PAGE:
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Picking the Proper Projector Part 2: Beyond Brightness

It’s funny how great minds think alike. No sooner had I posted my first blog on picking the proper projector than I received a comment from Aaron Peterson at Mechdyne pointing out that I missed a crucial part of the puzzle, and that is the misleading marketing around projector resolutions.

Projectors

Warning: If you thought the last blog was “tech geek fabulous,” this one is going up a notch.

To start at the beginning, many projectors tout a 4K resolution, however, the components inside the machine are not actually producing a native 4K image. They are utilizing an LCD or DLP engine that is likely either 1080p native resolution or 2560×1600 (WQXGA) native resolution, and then they are “moving” that engine at 180 or 240Hz to create a larger pixel map by double/triple/quadruple flashing the chip for every frame.

In fact, the only two TRUE 4K projector engines I know of are DLP projectors that utilize the 1.38″ DMD with a native 4096 x 2160 resolution (only available in cinema and high end RGB laser projectors) and the Sony or JVC products using the 8.5 million pixel SXRD and D-ILA LCoS variants.

Any of the other LCD and DLP projectors touting 4K are really “Faux K.”

Let me say that at smaller screen sizes and in single projector installations, some of this pixel-shifting or wobulation if your prefer, can be acceptable, especially when viewing PowerPoint or full-motion video.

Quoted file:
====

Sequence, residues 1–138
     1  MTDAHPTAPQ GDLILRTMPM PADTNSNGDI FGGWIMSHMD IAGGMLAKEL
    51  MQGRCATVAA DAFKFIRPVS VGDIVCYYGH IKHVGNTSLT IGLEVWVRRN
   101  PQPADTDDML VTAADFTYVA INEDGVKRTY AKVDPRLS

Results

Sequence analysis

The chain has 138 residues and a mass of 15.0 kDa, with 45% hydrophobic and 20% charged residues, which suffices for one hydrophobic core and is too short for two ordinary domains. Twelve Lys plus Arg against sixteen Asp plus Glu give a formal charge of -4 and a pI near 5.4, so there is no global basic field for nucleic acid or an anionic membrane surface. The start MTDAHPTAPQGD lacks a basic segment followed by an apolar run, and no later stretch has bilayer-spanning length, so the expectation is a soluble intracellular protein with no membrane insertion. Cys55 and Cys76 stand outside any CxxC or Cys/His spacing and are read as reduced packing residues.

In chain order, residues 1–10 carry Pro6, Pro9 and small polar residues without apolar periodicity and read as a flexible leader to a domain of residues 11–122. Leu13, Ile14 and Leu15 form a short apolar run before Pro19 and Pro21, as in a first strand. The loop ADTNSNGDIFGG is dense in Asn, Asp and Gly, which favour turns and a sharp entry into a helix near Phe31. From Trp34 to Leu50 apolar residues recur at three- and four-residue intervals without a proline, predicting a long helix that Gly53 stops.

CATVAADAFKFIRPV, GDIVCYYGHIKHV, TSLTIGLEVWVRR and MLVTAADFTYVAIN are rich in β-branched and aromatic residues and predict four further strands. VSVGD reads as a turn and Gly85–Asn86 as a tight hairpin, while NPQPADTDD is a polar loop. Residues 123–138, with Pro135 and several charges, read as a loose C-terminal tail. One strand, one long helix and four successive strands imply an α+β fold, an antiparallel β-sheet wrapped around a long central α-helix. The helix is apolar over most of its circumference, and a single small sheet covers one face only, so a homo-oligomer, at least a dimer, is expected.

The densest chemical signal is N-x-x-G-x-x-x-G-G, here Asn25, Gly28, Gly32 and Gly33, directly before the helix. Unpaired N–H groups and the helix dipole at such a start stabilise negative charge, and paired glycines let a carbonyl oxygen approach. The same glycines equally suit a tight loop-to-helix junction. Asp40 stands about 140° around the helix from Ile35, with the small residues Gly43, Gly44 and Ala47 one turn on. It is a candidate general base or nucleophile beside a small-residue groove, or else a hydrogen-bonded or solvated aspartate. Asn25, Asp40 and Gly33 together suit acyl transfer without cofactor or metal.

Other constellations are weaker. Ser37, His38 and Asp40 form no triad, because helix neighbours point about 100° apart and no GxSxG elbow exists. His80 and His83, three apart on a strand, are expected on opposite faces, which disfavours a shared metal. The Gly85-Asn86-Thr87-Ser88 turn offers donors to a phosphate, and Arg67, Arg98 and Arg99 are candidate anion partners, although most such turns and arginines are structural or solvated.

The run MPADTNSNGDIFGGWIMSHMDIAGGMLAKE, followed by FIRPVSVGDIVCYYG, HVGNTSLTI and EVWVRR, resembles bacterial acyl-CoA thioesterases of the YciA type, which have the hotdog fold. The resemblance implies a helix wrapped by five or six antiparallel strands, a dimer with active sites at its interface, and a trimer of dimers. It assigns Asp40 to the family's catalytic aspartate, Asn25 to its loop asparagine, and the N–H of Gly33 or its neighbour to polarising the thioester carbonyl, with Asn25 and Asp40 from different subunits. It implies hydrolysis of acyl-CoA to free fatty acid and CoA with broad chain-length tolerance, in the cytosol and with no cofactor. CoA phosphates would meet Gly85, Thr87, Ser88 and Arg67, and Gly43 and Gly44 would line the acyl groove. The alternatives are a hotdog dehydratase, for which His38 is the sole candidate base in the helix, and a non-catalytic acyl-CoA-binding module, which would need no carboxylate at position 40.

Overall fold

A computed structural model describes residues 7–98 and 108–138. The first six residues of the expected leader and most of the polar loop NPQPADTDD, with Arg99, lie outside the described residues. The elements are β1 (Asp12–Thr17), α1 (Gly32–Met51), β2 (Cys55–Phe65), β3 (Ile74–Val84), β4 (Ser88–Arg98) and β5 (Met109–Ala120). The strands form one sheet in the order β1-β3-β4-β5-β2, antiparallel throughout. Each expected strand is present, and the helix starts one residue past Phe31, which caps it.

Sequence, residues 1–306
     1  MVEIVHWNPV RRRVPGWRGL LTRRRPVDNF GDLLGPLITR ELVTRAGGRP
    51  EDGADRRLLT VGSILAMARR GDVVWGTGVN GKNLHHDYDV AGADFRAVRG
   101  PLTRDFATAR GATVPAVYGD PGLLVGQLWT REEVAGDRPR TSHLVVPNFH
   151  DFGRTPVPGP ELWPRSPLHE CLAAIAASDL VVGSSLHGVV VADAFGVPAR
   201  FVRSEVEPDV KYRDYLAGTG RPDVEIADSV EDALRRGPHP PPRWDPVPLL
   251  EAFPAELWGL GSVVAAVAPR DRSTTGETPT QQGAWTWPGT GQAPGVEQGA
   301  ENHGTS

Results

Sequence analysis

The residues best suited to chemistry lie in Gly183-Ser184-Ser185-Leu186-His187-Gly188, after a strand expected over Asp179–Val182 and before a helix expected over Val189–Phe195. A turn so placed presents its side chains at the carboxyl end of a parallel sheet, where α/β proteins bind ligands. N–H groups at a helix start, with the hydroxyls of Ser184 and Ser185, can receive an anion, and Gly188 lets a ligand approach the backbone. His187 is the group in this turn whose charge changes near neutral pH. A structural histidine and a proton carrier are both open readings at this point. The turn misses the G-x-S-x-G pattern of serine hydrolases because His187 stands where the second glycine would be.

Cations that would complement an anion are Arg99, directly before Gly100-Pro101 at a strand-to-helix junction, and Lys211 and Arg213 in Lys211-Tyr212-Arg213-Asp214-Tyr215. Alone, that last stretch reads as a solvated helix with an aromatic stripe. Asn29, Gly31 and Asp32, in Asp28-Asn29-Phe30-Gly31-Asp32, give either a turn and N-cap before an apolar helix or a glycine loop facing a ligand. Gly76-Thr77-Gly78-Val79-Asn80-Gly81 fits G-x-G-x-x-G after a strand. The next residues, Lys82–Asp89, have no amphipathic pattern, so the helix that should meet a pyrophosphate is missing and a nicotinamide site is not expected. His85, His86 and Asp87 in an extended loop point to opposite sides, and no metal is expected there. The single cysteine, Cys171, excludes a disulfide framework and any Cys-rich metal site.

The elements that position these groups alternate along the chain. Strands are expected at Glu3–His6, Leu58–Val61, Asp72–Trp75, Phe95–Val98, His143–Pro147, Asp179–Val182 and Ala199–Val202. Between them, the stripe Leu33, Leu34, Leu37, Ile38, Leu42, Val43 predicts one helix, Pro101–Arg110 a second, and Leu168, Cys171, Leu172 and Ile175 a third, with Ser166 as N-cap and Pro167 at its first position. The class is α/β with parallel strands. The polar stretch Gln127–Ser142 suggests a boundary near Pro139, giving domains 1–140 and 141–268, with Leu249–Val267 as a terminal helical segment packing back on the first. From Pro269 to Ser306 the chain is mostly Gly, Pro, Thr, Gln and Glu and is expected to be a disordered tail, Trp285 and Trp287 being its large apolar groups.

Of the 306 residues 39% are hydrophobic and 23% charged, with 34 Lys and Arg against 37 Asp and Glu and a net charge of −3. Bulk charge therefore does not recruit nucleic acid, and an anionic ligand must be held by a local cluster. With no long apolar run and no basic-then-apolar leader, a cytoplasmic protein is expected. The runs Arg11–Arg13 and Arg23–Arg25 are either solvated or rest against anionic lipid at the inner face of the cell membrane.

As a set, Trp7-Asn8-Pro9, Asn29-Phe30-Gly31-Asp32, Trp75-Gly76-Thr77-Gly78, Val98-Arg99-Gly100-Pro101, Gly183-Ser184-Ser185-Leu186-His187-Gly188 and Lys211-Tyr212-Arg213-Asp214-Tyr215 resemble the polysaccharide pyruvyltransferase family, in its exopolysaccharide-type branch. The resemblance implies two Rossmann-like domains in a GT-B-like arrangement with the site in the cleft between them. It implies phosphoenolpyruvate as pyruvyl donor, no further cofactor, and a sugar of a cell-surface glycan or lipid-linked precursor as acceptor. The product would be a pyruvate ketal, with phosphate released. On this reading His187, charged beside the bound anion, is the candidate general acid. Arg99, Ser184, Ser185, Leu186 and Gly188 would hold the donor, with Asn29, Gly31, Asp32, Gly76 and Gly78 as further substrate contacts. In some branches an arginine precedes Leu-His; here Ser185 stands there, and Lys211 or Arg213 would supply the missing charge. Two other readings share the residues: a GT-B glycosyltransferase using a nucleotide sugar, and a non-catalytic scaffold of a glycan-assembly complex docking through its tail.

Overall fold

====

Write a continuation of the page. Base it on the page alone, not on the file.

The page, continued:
However, when you start to reach larger screen sizes, need to blend multiple projectors, or need to reproduce very fine detail accurately, pixel shifting and wobulation can be a problem.

There is an upper limit to screen size and detail.

When I was at Barco, we had a client who used one of our projectors to analyze launch data for a space program. As you can imagine, in this use case, the legibility of data was critical. We quickly found that the 4K mode of the projector, which utilized a native 2560 x 1600 chip and moved it around to create a 4K canvas, was a problem. At the scale at which it was being produced, the data was blurry. Luckily, Barco projectors have the option to disable the 4K mode and utilize the native resolution of the chip. Barco also had a product that was native 4K with the 1.38″ DMD, so we were able to offer the first option at no additional cost or the second one for a fee.

Blending while moving is not encouraged.

Another application where pixel shifting and wobulation may be a problem is in applications where you are blending multiple projectors. In a blend, you are overlapping pixel areas of two projectors to feather the images together, and if those two images are moving around, then those feather zones may be soft or very noticeable. There is already an art to creating the right black levels in a blend zone, but add in some movement and your issues potentially increase. I typically advised that the 4K mode be disabled in blending applications, to assure the best chance for a natural blend, even if at a slightly lower total resolution.

Pretty pictures versus data.

I’ll always remember walking into Projection Design’s booth at InfoComm, (prior to their acquisition by Barco in 2013), and seeing something NONE of the other booths were showing. Excel.

Most projector companies utilize beautiful content with vivid, high definition imagery. So why was Projection Design showing excel on one of their screens in the booth? To show off the detail in its WQXGA projector. Sure, a peacock looks great on a lot of projectors, but what about 11-point font?

Even at smaller sizes, content that requires higher detail is best displayed in native resolution. Shifting the pixels in a very small area becomes more noticeable and can have a negative effect.